Welcome to this issue of Capital Ideas, our
newsletter dedicated to business selling, business buying and
financial resources for mid-market companies.
The Market is Hot to Sell Your Business, But You’re Not; Think
An Often Overlooked Way to Create Liquidity
By Jay Carter, Principal
Charlotte Office, Corporate Finance Associates
The market for selling a family-owned or other privately held
business in North America has never been better than it is today.
This is due in part to the following factors:
- 6 years of continuous quarterly GDP growth in the U.S.
- Record levels of money flowing into private equity funds
($215 billion in 2006).
- Record levels of money flowing into hedge funds
($1.53 trillion in 2006).
- Readily available commercial credit from banks and other lenders
- Strong performance at individual company levels
Combined, these factors have resulted in:
- More Merger and Acquisition activity
- Greater interest in privately-held companies from investors
- Increased competition for acquisition candidates
- Higher valuations being paid for private companies
However, not all owners are ready to sell their privately held
company. Consider the case of Bill James...
Read more »
How Do I Know It’s Time To Sell My Company?
A Ten Point Guide
By Robert Contaldo, Principal
Chicago Office, Corporate Finance Associates
your business, which is perhaps your largest asset, can be a
difficult decision. It has been part of you and part of your
family. You have loved it – you have cursed it – you have nurtured
it. Unlike us, it can live for generations – though the time will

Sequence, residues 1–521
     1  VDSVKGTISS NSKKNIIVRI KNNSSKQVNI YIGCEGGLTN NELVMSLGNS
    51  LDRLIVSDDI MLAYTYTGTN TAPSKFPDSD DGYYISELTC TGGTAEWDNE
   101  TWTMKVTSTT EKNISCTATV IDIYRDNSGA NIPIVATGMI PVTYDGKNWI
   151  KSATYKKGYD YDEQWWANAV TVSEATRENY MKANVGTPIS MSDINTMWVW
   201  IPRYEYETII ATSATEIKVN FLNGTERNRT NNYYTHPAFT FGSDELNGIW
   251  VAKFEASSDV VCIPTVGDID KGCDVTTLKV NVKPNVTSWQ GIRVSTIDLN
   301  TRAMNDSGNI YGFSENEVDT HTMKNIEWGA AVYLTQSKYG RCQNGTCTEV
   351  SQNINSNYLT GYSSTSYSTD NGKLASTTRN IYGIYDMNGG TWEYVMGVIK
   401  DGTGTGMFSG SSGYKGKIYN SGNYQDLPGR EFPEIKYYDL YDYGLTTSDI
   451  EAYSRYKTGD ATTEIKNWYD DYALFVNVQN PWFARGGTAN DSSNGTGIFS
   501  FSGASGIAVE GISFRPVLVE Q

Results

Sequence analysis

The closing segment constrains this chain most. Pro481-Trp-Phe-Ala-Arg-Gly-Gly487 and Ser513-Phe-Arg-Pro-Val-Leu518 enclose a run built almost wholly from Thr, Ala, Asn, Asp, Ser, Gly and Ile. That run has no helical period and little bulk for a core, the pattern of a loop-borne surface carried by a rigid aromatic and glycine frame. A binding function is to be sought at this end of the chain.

come when it must change hands.
Here are some points to consider when deciding whether or not it
is time to sell your business:
The Thrill Is Gone
There simply comes a time when a business owner does not care to take the business any further. The battles and victories that at one time were energizing have now lost their importance, and have become somewhat
boring and wearisome...
Read more »
Vayden Anderson decided at 78, it
was time to sell his business and retire. With no heirs
interested in acquiring Overland Sand and Gravel, on the
recommendation of his attorney, Anderson turned to CFA. He
retained CFA to sell his business, the fourth largest ready mix
concrete producer in Nebraska, to a buyer he pre-approved, a
buyer who would retain all of Overland’s employees and
CFA quickly identified the right prospects and received
several offers. Ultimately, CFA
negotiated a transaction favorable
for both parties (and significantly
exceeding the seller’s value expectations).
The transaction closed in less
than 6 months from when CFA was
hired and helped and achieved all
of the seller’s goals.
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